Caterpillar Inc. has long used a subsidiary in Geneva, Switzerland, called Caterpillar SARL, to process sales along with profits for international orders, along with the IRS wants the heavy-machinery maker to pay a $2 billion tax bill on that will business, according to The Wall Street Journal.
Although the company maintains that will its Swiss strategy, which results in an effective tax rate there of as low as 4 percent, is usually legal, some Caterpillar employees have questioned the practice, which began in 1999, the Journal reports.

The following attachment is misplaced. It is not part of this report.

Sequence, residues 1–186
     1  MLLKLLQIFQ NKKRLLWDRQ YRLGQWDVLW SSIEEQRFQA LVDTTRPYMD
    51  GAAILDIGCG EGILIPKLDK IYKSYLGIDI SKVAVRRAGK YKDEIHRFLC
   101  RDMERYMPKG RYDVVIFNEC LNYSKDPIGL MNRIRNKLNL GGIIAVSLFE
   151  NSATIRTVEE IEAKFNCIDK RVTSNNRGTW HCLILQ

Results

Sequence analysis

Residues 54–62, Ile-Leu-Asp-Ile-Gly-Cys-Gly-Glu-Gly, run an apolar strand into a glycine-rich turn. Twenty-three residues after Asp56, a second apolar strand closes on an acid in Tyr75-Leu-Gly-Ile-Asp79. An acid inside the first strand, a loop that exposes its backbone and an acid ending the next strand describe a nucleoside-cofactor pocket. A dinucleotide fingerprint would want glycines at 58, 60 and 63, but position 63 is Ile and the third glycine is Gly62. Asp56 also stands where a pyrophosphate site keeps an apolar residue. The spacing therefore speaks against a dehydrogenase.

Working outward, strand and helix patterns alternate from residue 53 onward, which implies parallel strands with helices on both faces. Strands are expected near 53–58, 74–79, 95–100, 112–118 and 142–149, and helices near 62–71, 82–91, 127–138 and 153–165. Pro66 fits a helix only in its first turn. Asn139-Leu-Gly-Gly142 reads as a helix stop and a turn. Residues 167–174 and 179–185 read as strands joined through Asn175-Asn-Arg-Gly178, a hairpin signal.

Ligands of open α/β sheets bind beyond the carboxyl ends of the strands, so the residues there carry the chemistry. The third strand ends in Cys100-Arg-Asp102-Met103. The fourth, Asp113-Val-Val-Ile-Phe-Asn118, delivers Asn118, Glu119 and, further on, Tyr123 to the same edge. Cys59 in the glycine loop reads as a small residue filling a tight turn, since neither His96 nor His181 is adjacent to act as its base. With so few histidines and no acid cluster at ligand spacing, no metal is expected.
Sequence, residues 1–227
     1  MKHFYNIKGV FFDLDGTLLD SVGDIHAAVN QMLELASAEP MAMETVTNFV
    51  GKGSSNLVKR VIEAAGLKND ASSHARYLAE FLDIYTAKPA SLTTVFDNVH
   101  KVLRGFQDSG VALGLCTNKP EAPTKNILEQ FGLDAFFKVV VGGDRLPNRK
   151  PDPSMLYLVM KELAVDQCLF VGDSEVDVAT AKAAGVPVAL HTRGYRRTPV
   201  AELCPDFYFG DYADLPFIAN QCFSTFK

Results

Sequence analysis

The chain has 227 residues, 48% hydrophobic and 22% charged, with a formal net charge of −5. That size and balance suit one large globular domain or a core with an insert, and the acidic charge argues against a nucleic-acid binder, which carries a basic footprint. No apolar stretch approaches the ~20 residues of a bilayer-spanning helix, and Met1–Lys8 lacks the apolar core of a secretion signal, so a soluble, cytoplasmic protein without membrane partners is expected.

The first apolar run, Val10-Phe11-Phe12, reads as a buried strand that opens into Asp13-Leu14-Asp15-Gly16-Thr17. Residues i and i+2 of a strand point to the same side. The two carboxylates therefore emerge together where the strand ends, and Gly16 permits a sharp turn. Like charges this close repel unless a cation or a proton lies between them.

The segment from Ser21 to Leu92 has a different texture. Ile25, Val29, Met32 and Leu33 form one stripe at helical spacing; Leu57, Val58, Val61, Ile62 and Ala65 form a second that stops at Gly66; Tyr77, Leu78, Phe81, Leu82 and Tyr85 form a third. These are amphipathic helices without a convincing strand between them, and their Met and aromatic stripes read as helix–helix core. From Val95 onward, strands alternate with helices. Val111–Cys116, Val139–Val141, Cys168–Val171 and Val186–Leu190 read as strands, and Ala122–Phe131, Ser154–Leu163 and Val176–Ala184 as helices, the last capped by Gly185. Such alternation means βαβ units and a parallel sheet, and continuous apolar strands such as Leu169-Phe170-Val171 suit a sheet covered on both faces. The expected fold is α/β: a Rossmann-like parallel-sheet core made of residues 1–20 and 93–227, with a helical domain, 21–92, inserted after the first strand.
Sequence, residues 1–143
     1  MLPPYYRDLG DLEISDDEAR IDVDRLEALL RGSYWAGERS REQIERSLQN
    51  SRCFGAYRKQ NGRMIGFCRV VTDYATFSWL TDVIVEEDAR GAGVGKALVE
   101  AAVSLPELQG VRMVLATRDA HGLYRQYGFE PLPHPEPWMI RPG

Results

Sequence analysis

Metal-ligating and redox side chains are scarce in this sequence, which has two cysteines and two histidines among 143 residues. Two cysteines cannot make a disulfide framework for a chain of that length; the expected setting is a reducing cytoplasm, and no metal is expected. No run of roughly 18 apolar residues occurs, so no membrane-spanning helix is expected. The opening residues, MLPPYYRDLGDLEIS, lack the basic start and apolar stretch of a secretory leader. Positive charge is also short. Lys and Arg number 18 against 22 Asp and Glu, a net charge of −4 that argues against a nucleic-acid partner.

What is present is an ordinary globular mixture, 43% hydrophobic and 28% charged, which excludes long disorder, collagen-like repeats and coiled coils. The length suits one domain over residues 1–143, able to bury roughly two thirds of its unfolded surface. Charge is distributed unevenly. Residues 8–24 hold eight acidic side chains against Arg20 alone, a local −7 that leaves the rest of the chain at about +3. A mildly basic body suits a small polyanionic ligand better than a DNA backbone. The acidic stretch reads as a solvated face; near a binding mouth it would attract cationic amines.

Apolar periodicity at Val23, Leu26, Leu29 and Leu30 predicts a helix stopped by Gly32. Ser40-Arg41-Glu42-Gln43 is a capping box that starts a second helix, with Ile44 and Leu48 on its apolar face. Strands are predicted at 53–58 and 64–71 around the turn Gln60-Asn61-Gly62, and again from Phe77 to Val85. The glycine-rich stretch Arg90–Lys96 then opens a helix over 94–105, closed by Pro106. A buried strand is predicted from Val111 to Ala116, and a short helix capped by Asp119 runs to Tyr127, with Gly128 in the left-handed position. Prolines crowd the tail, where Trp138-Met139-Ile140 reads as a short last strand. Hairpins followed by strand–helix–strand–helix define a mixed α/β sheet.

No civil or criminal charges have been filed, along having a Caterpillar spokeswoman told the Journal that will the company is usually “within the process of responding to the government’s concerns.”
Federal officials raided Caterpillar’s offices in March, along with the outcome of the investigation could influence different U.S. companies’ tax strategies. Sweeping fresh tax law took effect Monday, partially aimed at persuading American companies to bring back their overseas cash holdings.
Read the Journal’s full report on Caterpillar.